Few companies need a hit like Research in Motion. Though it helped usher in the smartphone era with the BlackBerry, RIM’s market share has been dropping like a stone since Android and the iPhone became popular. Average folks like us prefer the new operating systems and businesses are slowly migrating away from BlackBerry.
BlackBerry 10 is RIM’s big attempt to recapture the momentum it’s lost in the last few years. RIM knows it needs to get this right too, as evidenced by the many delays BB 10 has encountered. Currently, it’s set for late 2012, though after seeing it, I wouldn’t be surprised if it’s delayed further.
Below are my first-hand impressions of the the new OS after trying it out on a Dev Alpha unit with RIM’s new principal architect, Gary Klassen, who joined the company in March.
(I apologize for the pictures. The Dev unit’s screen was extremely bright and the hotel wasn’t lit well.)
A new keyboard
RIM’s physical keyboard is still one of its biggest selling features, but it’s also become a sort of symbol of RIM’s inability to move forward. For better or worse, the physical keyboard is out for BlackBerry 10. The new BB 10 touch keyboard is simple looking, but has a few neat ideas. For starters, it predicts what you want to say. After you type a letter or word, different keys will light up with new words that attempt to guess what you want to say next. A swipe up on any of these words will type it out. Supposedly, as you use your BB 10 device, it will slowly learn how you talk and get better at predicting phrases and words.
In addition, if you want to turn on CAPSLOCK, hold the Shift button and then swipe the toggle up. The keyboard also comes with a backspace button, but a quick swipe to the left anywhere on the keyboard will delete an entire word at once. This feature was fun and easy to perform. Unfortunately, that’s all we know about the keyboard. It will have a landscape mode, but it was not working on our Dev unit.
From what we’ve seen, the keyboard works well and is quite easy to type on. From what we hear, the first BB 10 device will not have a physical keyboard at all.
Unified Inbox: Peeking and stacking
Once I was done looking at the new keyboard, Klassen pulled out a second Dev Alpha phone (they resemble tiny PlayBooks). Though I wasn’t able to actually perform the maneuvers myself, he showed me another new feature of BlackBerry 10: the unified inbox and its ability to peek at notifications and slide app pages over to get a quick glance at what you’ve been doing.
To get to your unified inbox, you simply swipe over to it like changing homescreens on iOS or Android. The unified inbox appears to have texts, emails, missed calls, calendar events, and other things. We assume you will be able to sort it however you want. CrackBerry got sneaky and clicked on the Accounts button on this page to reveal that it is also compatible with Facebook and Twitter.
To peek at what you have in your unified inbox, simply slide and hold your finger from the bottom of the screen up. On the right hand side, you’ll see some rough statistics, like how many unread emails and upcoming events you have.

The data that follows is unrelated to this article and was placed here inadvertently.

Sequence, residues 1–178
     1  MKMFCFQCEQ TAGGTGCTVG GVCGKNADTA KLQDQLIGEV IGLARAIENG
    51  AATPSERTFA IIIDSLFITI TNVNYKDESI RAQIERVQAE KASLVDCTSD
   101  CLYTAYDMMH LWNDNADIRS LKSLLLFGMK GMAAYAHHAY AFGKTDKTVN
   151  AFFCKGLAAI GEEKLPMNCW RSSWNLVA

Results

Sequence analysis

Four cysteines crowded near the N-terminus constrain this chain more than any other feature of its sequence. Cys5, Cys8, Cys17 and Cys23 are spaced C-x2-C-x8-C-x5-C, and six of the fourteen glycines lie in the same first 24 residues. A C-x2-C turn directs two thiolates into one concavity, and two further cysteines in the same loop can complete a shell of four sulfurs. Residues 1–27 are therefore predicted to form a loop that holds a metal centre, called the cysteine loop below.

As you open up emails and attachments and whatnot, you can get back to the main inbox, and peek back at your previous screens, by pulling the page to the right. Like the Twitter app, and others on the iPad (or a bit like the tabs menu on Chrome Beta for Android), pulling on the app “cards” far enough pulls them apart and you move back to a previous level. WebOS had this feature as well. Basically, to get back to your inbox or see what email you were just reading, you have to pull the page to the right far enough to make it peel off the page (in a sense).
I was only allowed to see these features in a limited demonstration. For example, I don’t know what happens if you get 4 or 5 levels deep into your inbox. Will it just continue stacking apps? Your guess is as good as mine.
Open apps screen
The screen to the left of the unified inbox is the open apps screen. This works a lot like a reorganized BlackBerry PlayBook homescreen (and WebOS). Instead of putting all your open apps in a row, they are displayed in a grid that you can scroll through, sort of like Windows Phone Live Tiles. We’re not sure how animated these tiles will be. Currently, they appear to show some basic info, but don’t animate. It’s a place for opening apps that are running in memory, like Google’s Recent Apps menu in Android 4.0. Klassen wouldn’t reveal whether these can be resized. They are currently so large that only four can fit on a page.
I asked whether BlackBerry 10 will keep apps fully running in the background like the BlackBerry Tablet, to which Klassen told me that keeping apps open was a feature that could be “turned off” on the PlayBook, hinting that it might not be used on these upcoming handsets. We’re hoping that BB 10 can somehow keep apps running at times, but also know when to “freeze” an app in place for resuming later, which is the technique that Android and iOS use.
Klassen admitted that BlackBerry 10 had an apps tray, where you can see all of your apps and open them, but wouldn’t show it to me. I caught a glimpse of it when one of the handsets froze on me and had to be rebooted, but that’s about it. The fine folks at CrackBerry have again impressed, as they managed to distract long enough to get some pictures of this screen.
Will it work?
Unless RIM is showing us old Dev Alpha units, RIM has a lot of work left on BlackBerry 10. I wasn’t able to see the camera features either. Throughout the demo, I repeatedly encountered bugs and questions that couldn’t be answered. As Klassen repeatedly told me, “It can only get better from here.” I have to agree. There are some great ideas in BB 10, but it has a long way to go. RIM has a lot of work to do, but with Windows 8 coming out, it’s possible that the market is still volatile enough to let it back in.